Levi Harrison forages, hunts and fishes for his food and lives in a teepee in the wilderness.
Levi Harrison hasn’t had a hot shower in over a year.
He sleeps on a bed of sticks and straw.
He hunts, fishes and forages about 90 per cent of his food.
And he lives in a teepee with his partner and dog at the edge of a forest at the top of the South Island.
He’s a modern-day hunter-gatherer who’s largely unplugged himself from society to live primitively and closer to nature.
It wasn’t always this way.
Born in Coromandel, Harrison spent most of his life living in an apartment in Stuttgart, Germany, a city of about 635,000 people.
He always felt drawn to the outdoors and spent much of his free time rock climbing, hiking and running barefoot.
“Whenever I had time and I could, I was in nature, but I chose to live in a city and it just felt really wrong,” he says. “I could feel it in myself that I’m fighting against all this noise and all these impressions that I had daily and I just was not relaxed.”
In 2015, Harrison and his then wife decided they wanted to live and raise their children in an intentional community.
They left Germany and returned to Harrison’s homeland before settling in a community at the top of the South Island.
Harrison and his wife separated in 2018, which is what prompted his move to the wild.
“I just recognised that I can either go down the drain now or really change my life in the way I want to,” he says.
It was a gradual transition that started with introducing more wild plants and fungi into his diet, bathing in streams, learning how to hunt with a crossbow and creating friction fire with a bow drill made from sticks and rawhide.
Harrison noticed that his health was improving. Chronic stomach aches that he’d had for about 20 years and dandruff disappeared and he felt stronger and more energised.
He also realised that the hunter-gatherer lifestyle was easier than he’d imagined.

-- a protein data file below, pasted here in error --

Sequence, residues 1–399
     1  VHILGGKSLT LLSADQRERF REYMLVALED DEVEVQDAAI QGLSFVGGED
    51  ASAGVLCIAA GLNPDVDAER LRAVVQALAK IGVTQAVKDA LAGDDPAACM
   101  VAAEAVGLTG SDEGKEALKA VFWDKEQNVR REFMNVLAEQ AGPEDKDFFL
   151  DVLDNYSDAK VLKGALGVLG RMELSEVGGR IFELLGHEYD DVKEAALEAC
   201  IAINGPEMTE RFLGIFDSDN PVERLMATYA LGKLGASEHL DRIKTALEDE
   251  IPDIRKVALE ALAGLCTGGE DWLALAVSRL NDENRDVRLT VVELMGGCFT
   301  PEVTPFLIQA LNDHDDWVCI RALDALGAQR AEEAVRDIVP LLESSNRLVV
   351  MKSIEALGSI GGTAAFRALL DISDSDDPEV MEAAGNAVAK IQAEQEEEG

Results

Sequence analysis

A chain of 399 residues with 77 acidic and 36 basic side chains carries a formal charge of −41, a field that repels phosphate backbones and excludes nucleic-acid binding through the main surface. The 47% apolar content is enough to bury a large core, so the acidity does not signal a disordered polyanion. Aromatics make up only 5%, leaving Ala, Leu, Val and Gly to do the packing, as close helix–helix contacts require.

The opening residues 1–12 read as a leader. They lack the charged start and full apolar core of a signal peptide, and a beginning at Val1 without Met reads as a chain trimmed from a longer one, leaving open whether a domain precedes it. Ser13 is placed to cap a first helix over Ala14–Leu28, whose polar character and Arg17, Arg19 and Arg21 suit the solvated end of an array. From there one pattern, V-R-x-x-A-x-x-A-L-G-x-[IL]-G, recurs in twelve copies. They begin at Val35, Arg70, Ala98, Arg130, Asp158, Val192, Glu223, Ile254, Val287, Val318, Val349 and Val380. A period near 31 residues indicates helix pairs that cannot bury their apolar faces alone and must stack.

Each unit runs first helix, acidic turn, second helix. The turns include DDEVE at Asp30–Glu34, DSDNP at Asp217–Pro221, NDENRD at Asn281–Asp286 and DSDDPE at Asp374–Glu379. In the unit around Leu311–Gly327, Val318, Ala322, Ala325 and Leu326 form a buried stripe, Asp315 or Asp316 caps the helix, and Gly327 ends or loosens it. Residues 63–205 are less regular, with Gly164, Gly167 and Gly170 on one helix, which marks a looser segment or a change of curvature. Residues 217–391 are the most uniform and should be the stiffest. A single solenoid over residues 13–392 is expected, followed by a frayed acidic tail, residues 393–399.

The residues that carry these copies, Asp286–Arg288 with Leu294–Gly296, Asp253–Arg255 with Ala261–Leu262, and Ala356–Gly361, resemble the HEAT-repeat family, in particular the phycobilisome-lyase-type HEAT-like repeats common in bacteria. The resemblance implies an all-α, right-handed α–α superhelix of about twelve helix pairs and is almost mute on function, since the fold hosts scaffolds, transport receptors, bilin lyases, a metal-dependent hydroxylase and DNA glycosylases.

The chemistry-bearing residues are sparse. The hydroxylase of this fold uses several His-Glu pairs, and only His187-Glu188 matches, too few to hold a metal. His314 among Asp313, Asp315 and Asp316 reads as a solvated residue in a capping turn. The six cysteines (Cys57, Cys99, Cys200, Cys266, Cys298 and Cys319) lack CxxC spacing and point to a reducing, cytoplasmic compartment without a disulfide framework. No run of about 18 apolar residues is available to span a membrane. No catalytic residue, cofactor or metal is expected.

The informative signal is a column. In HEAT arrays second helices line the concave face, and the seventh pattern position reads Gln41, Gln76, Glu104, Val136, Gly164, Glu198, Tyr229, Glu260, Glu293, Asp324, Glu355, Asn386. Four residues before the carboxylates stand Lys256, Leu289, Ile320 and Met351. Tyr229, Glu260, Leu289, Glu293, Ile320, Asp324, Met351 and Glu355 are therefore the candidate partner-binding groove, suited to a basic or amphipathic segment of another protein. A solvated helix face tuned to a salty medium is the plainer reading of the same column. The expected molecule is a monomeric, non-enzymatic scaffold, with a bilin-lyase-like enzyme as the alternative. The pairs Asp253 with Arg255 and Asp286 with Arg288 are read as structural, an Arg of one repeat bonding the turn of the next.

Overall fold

It takes him about 10-15 minutes to forage a huge bowl of wild ‘weeds’ each morning and he only needs to go hunting and fishing once a month.
“I think this is a great lifestyle. The money I spend on food is almost nothing and I’m really connected to the land. I know where the different plants grow,” he says.
“Also, I get really healthy stuff. Even the stuff you get in a health food store, there are not the nutrients in there that I find in the wild weeds. They’re just far more nutrient-rich than anything that’s domesticated.”
But the most profound benefit he’s experienced is a deeper connection with nature.
Harrison says he’s had times when he’s felt completely immersed in the natural world, where he’s been acting instinctively without thinking — an experience he describes as “no-mind”.
“I developed a relationship with nature,” he says. “I simply became an integral part of this network.”
However, while Harrison spends most of his time in the wild, he says he’s “living between worlds”.
He works as a freelance voice actor so he can provide for his family and contribute to the community. He also regularly spends time with his children who live nearby.
But for the past 18 months, he’s mostly been living in his teepee in the wilderness.
Harrison hosts workshops for people who are interested in learning about wild foods, bushcraft and survival skills, and connecting with nature.